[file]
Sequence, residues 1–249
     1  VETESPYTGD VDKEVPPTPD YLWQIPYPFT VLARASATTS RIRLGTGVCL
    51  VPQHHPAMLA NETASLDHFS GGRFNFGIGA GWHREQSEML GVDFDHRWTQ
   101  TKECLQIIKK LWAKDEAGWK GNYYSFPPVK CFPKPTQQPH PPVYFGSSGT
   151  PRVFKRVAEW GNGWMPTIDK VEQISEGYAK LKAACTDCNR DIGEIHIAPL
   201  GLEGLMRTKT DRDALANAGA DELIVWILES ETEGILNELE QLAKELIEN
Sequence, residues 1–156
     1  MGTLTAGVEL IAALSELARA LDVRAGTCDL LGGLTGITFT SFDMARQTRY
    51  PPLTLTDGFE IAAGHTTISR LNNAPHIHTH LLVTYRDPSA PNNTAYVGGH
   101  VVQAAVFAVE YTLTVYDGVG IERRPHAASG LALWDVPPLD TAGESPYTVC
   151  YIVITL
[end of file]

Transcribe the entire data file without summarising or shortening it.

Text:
Sequence, residues 1–249
     1  VETESPYTGD VDKEVPPTPD YLWQIPYPFT VLARASATTS RIRLGTGVCL
    51  VPQHHPAMLA NETASLDHFS GGRFNFGIGA GWHREQSEML GVDFDHRWTQ
   101  TKECLQIIKK LWAKDEAGWK GNYYSFPPVK CFPKPTQQPH PPVYFGSSGT
   151  PRVFKRVAEW GNGWMPTIDK VEQISEGYAK LKAACTDCNR DIGEIHIAPL
   201  GLEGLMRTKT DRDALANAGA DELIVWILES ETEGILNELE QLAKELIEN
Sequence, residues 1–156
     1  MGTLTAGVEL IAALSELARA LDVRAGTCDL LGGLTGITFT SFDMARQTRY
    51  PPLTLTDGFE IAAGHTTISR LNNAPHIHTH LLVTYRDPSA PNNTAYVGGH
   101  VVQAAVFAVE YTLTVYDGVG IERRPHAASG LALWDVPPLD TAGESPYTVC
   151  YIVITL